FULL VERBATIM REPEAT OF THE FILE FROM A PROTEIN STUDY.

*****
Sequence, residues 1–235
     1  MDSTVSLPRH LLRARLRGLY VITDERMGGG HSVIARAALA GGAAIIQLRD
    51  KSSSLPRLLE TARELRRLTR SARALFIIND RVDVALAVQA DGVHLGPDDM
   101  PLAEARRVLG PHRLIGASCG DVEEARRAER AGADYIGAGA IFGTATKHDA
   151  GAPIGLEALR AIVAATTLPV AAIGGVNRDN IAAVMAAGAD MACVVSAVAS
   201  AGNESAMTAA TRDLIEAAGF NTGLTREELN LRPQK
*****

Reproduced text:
Sequence, residues 1–235
     1  MDSTVSLPRH LLRARLRGLY VITDERMGGG HSVIARAALA GGAAIIQLRD
    51  KSSSLPRLLE TARELRRLTR SARALFIIND RVDVALAVQA DGVHLGPDDM
   101  PLAEARRVLG PHRLIGASCG DVEEARRAER AGADYIGAGA IFGTATKHDA
   151  GAPIGLEALR AIVAATTLPV AAIGGVNRDN IAAVMAAGAD MACVVSAVAS
   201  AGNESAMTAA TRDLIEAAGF NTGLTREELN LRPQK